Design principles for big data management
I recently faced the challenge of designing a big data management interface. Having not worked on a big data application before, some of the fundamental design patterns I’m used to using were challenged.
One such UI pattern is that of create, update, view (single), delete and list. This pattern is one of the basic building blocks when managing data. However, such a granular approach doesn’t fit in a big data environment. As the scale of data increases so does the cost of human interaction and simultaneously the usefulness of individual data points decreases. Instead, I found new patterns emerging. The following are some of those patterns.
- Automate everything. If something can’t be fully automated then provide the known details and let the user finish the task or make a change and ask the user for approval.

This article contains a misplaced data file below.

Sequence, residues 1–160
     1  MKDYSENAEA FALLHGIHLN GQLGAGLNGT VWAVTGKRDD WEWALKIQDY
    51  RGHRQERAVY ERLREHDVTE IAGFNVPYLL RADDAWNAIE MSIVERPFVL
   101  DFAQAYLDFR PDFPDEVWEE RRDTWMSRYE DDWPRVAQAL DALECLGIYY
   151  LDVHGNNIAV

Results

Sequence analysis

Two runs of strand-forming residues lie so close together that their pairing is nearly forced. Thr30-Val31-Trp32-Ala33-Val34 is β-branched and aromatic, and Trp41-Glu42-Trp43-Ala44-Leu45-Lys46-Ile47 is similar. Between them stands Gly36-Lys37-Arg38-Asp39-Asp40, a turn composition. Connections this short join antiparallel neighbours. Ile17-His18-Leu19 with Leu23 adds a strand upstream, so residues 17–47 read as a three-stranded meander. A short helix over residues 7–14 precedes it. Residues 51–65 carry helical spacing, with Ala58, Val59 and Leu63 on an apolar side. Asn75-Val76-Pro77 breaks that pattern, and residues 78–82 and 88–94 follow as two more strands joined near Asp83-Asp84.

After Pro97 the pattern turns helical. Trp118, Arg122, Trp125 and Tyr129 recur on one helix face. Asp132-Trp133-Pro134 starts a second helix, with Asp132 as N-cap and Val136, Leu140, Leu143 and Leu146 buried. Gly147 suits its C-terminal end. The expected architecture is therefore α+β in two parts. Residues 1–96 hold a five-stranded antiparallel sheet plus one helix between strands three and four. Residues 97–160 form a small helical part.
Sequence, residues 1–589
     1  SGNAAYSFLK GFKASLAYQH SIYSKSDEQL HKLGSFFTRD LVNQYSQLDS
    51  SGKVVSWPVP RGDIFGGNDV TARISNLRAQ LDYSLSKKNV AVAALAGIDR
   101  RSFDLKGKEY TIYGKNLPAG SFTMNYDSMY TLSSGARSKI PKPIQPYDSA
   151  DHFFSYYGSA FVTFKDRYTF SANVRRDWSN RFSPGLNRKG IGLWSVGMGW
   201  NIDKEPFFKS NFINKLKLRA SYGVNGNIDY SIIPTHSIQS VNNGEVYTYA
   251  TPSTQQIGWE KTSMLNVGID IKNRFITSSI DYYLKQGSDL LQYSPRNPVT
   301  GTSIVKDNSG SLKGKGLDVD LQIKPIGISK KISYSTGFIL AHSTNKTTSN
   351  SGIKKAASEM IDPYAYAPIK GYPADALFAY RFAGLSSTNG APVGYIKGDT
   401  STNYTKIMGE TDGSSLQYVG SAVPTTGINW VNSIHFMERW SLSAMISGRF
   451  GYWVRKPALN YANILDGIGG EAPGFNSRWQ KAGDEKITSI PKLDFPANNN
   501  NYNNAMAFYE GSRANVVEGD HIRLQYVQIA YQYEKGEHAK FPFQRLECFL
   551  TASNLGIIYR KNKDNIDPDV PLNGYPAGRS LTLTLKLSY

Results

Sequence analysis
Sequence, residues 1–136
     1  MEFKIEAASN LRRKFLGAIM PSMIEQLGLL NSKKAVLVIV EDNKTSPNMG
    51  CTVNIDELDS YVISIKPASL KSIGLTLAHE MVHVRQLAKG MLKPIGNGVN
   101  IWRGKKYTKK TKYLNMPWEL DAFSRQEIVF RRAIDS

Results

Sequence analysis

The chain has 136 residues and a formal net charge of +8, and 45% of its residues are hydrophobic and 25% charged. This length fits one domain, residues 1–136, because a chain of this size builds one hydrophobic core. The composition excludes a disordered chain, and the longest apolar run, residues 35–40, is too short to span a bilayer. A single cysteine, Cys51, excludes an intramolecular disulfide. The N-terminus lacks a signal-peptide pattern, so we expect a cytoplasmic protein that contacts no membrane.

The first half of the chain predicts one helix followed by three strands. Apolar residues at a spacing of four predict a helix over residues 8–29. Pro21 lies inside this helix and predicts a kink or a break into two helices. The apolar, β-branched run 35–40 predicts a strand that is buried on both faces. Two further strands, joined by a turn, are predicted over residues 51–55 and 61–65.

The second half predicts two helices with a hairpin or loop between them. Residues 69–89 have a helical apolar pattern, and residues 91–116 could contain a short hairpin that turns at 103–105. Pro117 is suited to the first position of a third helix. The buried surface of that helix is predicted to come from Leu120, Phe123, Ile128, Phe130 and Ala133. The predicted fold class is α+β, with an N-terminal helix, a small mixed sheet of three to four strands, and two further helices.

- Allow actions to be applied across the data set, never just to a single item.
- Aggregate and report on data. Raw data is (almost) never useful.
- Search should be the primary method for retrieving a single item.
- Display a list of data only when you can provide a small enough subset that it can be read and acted upon.
I think there are many more challenges and principles in big data design, but I’ve found these rules to be a good starting point.